Pictured with Professor Ian Plimer and Gary Warden.
Moderating a public debate on an issue as emotive and divisive as climate change can be fraught with danger.
Many managers or executives may be called upon to moderate or take questions from stakeholders about a controversial topic.
So moderator skills are important.
Here is a checklist for moderators that may be involved in a public debate.
1. The Topic Must Be Newsworthy
If you want to engage with stakeholders, choose a topic that is interesting enough to motivate stakeholders to come to a public meeting.
Obviously climate change is of interest to a range of people and is frequently in the media.
2. The Topic Must Be Controversial
The greater the diversity of opinion the more likely it will cause disagreement.
Again, climate change is a very controversial issue, especially the concept of human induced climate change and the link between CO2 levels and global warming.
3. The Topic Must Be Balanced
Stakeholders need to make up their own minds, so both sides of the argument need to be put.
4. The Topic Must Be Relevant
People need to relate to the topic in their everyday lives.
5. The Topic Must Be Broad
Avoid topics that are too technical or narrow in their field. The topic must be easily understood.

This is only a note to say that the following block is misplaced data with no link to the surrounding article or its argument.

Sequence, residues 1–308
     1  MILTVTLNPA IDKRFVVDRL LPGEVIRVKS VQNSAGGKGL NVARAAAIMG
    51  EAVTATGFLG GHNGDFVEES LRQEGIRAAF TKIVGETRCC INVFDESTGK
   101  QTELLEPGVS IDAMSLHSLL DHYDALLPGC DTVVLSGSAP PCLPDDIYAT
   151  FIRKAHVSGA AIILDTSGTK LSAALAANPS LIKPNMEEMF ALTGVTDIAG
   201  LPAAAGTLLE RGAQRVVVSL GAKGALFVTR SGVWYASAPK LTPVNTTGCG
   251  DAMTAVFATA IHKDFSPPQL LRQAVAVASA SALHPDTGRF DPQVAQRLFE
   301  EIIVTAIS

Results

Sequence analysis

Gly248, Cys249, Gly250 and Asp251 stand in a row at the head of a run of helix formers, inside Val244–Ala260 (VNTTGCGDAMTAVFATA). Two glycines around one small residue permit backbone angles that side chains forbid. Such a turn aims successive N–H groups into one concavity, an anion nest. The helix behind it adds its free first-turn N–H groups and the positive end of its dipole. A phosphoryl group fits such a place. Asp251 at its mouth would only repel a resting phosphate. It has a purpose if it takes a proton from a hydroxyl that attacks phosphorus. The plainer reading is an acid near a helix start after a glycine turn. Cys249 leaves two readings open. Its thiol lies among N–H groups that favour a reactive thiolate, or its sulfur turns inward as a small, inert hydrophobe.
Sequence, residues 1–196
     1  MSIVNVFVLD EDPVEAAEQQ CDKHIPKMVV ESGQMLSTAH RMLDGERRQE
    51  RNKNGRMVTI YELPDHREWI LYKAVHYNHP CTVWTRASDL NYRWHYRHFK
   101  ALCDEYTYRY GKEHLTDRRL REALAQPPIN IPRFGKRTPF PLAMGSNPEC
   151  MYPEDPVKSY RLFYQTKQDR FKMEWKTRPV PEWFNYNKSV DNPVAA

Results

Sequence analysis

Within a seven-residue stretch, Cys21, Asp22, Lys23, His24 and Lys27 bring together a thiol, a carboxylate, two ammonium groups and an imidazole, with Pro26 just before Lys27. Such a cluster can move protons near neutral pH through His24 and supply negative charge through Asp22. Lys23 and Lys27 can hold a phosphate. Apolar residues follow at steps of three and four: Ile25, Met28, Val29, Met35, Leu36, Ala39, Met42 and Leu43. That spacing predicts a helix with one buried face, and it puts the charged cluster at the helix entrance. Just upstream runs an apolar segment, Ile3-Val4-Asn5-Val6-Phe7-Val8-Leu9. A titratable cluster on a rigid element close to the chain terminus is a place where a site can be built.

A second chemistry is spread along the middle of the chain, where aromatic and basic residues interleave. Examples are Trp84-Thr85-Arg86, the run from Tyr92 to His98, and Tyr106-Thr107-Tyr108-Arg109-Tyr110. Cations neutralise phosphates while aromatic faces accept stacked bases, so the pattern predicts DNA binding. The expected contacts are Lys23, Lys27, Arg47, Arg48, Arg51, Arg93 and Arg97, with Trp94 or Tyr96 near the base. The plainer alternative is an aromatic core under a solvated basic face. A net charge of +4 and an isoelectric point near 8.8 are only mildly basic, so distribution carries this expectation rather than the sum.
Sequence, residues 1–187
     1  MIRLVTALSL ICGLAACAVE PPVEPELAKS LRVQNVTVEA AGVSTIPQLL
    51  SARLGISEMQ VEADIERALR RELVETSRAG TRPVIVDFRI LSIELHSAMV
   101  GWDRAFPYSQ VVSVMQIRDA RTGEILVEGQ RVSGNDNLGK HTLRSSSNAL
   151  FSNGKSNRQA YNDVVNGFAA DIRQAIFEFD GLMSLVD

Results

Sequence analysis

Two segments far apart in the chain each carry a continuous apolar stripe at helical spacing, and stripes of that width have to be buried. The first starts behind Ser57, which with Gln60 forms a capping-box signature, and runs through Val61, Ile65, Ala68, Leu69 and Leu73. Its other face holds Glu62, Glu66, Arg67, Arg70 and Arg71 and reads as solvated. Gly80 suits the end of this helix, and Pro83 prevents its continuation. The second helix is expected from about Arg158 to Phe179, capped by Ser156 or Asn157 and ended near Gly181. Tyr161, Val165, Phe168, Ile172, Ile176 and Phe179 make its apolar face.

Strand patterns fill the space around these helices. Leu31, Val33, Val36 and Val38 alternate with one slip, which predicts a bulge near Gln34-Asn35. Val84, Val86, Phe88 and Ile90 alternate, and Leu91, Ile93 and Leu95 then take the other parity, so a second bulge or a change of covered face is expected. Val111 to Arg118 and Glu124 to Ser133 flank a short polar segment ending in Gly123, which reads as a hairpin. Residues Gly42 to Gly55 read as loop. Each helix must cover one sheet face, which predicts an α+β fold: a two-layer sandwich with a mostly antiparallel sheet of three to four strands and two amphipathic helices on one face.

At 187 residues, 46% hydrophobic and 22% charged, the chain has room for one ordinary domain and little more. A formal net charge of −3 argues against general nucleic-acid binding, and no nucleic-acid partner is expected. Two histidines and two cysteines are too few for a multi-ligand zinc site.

6. The Debate Must Be Dramatic
When setting up the debate - create drama.
In the climate change debate, this was created by tossing a coin at the beginning to see who would go first.
7. The Debate Must Have A Strict Format
All successful debates have rigid formats that must be adhered to.
In the climate change debate, speakers were only allowed 20 minutes and PowerPoint was banned because they needed to use their powers of argument to win over the audience not technical, scientific slides.
I must add that I see too many scientists over relying on PowerPoint to get their message across.
8. The Debate Must Be Controlled
The moderator is the guardian of the debate format and must set and see that the rules are followed.
When asking for questions, it is always important to get audience members to state their name and where they are from. It is also important they ask questions and not grandstand or make long winded statements.
A good tip is for the moderator to repeat or summarise the question.
9. Speakers Must Be Introduced
This helps set the scene and context
10. The Debate Must Be Closed
Closing a debate is often the hardest. A good technique is after audience participation, to go back to each speaker for a closing comment.
Hiring a professional moderator takes the risk out of running an event. If you are seeking a professional moderator, please visit our website.
Enjoy watching the video on the opening of the climate change debate.
Labels: Australian Institute of Geoscientists, climate change, fear of public speaking, moderation skills, public debate, public speaking training perth